Poll: Roy Moore Leads In Alabama Senate Special Election GOP Primary

Alabama Supreme Court Chief Justice Roy Moore speaks to the congregation of Kimberly Church of God, Sunday, June 28, 2015, in Kimberley, Ala. Moore lashed out at the U.S. Supreme Court decision which legalized same-s... Alabama Supreme Court Chief Justice Roy Moore speaks to the congregation of Kimberly Church of God, Sunday, June 28, 2015, in Kimberley, Ala. Moore lashed out at the U.S. Supreme Court decision which legalized same-sex marriage nationwide, saying said the decision was against the laws of nature. (AP Photo/Butch Dill) MORE LESS
Start your day with TPM.
Sign up for the Morning Memo newsletter

The former chief justice of Alabama’s Supreme Court is in the lead ahead of Tuesday’s Republican primary election, a move toward filling Attorney General Jeff Sessions former seat in the Senate, according to a poll released by the Trafalgar Group Friday.

The poll showed Moore leading the field, with 35 percent support. That’s more than 10 percentage points ahead of Sen. Luther Strange (R-AL), who garnered 23 percent in the poll.

Moore — who was removed from the state Supreme Court twice for refusing to take down a 10 Commandments monument and ordering other judges to not issue same-sex marriage licenses in 2016 — announced his Senate bid in April.

Strange was appointed to fill the seat by former Gov. Robert Bentley, who resigned amid allegations of his use of state resources to hide an affair with a top aide. Lt. Gov. Kay Ivey took over, calling for a special election in April.

Strange earned President Donald Trump’s endorsement on Tuesday, with the President tweeting that Strange has “done a great job” representing Alabama and that he has Trump’s “complete and total endorsement.”

Just 3 points behind Strange, Rep. Mo Brooks (R-AL) garnered 20 percent in the poll. Brooks launched his campaign in May, but announced last month he would withdraw from the race if Trump were to fire Sessions as attorney general to make room for Sessions to run for his seat.

The President spent at least two weeks publicly attacking Sessions on Twitter and expressing frustration over the attorney general’s decision to recuse himself from the investigation into Russian meddling in the 2016 election.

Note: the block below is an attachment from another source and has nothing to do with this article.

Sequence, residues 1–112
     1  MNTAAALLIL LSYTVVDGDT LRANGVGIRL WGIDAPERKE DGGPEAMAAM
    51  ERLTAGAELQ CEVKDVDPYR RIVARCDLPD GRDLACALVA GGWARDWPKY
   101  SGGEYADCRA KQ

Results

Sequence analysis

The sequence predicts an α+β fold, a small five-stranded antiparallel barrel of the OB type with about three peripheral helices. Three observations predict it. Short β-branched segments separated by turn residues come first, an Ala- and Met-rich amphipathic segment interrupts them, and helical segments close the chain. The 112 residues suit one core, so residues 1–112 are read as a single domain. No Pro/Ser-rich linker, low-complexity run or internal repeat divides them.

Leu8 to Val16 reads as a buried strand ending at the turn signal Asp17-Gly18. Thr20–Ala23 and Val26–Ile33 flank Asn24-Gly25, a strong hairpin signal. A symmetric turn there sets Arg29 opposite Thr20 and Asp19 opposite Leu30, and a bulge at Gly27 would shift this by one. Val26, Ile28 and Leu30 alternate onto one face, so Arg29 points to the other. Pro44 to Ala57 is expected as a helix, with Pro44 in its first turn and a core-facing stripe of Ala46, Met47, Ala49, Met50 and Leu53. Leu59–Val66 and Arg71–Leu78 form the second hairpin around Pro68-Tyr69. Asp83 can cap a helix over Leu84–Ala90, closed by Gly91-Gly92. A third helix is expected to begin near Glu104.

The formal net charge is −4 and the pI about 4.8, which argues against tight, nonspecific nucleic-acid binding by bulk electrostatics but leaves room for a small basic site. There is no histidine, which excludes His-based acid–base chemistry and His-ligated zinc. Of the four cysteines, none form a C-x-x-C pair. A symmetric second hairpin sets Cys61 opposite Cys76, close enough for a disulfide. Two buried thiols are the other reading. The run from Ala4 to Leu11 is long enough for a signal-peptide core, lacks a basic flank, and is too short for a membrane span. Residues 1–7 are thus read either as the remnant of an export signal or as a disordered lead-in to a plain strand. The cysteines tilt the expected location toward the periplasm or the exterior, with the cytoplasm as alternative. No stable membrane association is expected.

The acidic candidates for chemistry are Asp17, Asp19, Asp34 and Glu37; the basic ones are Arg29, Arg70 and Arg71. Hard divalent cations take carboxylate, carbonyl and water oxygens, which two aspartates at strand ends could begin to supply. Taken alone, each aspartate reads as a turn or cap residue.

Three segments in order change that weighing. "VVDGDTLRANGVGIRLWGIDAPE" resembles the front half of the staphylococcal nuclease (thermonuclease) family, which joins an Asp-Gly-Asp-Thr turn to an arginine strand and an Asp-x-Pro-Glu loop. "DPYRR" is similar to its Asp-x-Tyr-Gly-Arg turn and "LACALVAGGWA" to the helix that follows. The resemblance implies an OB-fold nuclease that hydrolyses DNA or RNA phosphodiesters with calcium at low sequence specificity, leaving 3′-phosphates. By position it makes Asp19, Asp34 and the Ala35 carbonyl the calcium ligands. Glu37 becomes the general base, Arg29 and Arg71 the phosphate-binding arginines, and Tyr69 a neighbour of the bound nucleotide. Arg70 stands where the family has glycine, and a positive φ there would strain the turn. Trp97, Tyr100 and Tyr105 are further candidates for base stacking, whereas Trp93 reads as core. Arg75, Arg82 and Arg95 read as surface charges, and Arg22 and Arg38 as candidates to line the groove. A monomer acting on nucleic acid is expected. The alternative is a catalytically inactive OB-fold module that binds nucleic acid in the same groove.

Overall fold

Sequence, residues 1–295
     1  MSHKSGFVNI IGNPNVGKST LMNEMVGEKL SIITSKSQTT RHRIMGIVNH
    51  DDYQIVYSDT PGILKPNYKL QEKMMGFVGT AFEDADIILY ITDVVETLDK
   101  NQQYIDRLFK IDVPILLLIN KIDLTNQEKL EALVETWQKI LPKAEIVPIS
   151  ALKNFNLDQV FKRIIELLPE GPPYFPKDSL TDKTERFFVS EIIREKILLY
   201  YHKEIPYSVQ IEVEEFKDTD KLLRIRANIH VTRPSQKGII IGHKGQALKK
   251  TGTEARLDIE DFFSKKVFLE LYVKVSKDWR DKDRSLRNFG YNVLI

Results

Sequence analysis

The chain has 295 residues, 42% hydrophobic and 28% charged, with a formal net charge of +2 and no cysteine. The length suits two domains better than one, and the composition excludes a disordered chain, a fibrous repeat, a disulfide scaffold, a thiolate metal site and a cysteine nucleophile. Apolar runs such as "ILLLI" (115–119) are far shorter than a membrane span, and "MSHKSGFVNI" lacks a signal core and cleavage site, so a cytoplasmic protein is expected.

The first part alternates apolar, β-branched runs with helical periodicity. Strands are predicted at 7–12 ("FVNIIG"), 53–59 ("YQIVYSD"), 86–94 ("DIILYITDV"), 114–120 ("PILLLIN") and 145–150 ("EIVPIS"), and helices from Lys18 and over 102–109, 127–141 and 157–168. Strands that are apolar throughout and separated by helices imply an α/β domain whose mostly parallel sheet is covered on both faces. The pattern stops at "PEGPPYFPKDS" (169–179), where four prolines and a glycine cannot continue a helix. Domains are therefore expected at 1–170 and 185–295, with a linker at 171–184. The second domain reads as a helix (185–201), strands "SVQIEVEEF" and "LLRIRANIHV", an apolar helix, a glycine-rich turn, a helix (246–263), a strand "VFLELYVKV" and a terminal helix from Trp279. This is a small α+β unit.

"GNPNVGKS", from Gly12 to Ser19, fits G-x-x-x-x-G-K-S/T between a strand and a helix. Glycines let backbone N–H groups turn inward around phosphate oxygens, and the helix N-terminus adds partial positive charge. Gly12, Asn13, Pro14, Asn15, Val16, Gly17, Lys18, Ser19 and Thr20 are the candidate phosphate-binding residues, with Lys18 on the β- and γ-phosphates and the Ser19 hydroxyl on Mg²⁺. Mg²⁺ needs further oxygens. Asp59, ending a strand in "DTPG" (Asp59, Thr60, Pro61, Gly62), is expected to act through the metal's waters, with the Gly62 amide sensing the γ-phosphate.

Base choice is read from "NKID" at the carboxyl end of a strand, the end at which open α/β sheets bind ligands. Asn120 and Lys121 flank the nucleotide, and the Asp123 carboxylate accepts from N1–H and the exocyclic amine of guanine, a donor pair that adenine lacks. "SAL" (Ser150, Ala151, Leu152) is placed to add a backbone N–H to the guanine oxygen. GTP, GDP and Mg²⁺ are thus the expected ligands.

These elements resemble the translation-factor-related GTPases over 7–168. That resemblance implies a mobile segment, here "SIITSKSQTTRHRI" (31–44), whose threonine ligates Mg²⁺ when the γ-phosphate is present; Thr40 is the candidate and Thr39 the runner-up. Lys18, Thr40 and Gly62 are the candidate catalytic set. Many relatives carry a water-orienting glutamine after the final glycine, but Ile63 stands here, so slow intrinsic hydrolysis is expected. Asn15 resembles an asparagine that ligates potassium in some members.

“Brooks had momentum and we believe short of Trump’s endorsement tweet, Brooks would have overtaken Strange for second place,” Trafalgar senior strategist Robert Cahaly said in a statement. “Of course last minute campaign activity and presidential tweets could change this thing again.”

Just over 8 percent of voters are undecided, according to the poll, and just over 6 percent are supporting state Sen. Trip Pittman.

The poll surveyed 1,439 likely primary voters from Aug. 8 to Aug. 10. It has a +/- 2.59 percentage point margin of error.

The Republican nominee will face one of the eight Democratic candidates vying for a primary win: Michael Hansen, Doug Jones, Robert Kennedy Jr., Jason Fisher, Will Boyd, Vann Caldwell, Brian McGee or Nana Tchienkou.

If no one one candidate earns 50 percent of the vote, a run-off election will be held Step. 26. The general election will be in December. 

Latest Livewire

Notable Replies

  1. The Cadillac still has a wheel in the ditch.

  2. The biggest nutjob is ahead in an Alabama GOP primary? Does this give any opening for a Democrat?

  3. Aw no It’s Alabama

Continue the discussion at forums.talkingpointsmemo.com

90 more replies

Participants

Avatar for brooklyndweller Avatar for ncsteve Avatar for asanders91360 Avatar for inversion Avatar for storm Avatar for daveyjones64 Avatar for ralph_vonholst Avatar for borisjimbo Avatar for cd Avatar for ottnott Avatar for go2goal Avatar for benthere Avatar for sjay1956 Avatar for tena Avatar for jonney_5 Avatar for southerndem Avatar for numbertwopencil Avatar for birdford Avatar for brian512 Avatar for aunt_sue Avatar for cub_calloway Avatar for socalista Avatar for demosthenes59 Avatar for drtv

Continue Discussion
Masthead Masthead
Founder & Editor-in-Chief:
Executive Editor:
Managing Editor:
Associate Editor:
Editor at Large:
General Counsel:
Publisher:
Head of Product:
Director of Technology:
Associate Publisher:
Front End Developer:
Senior Designer: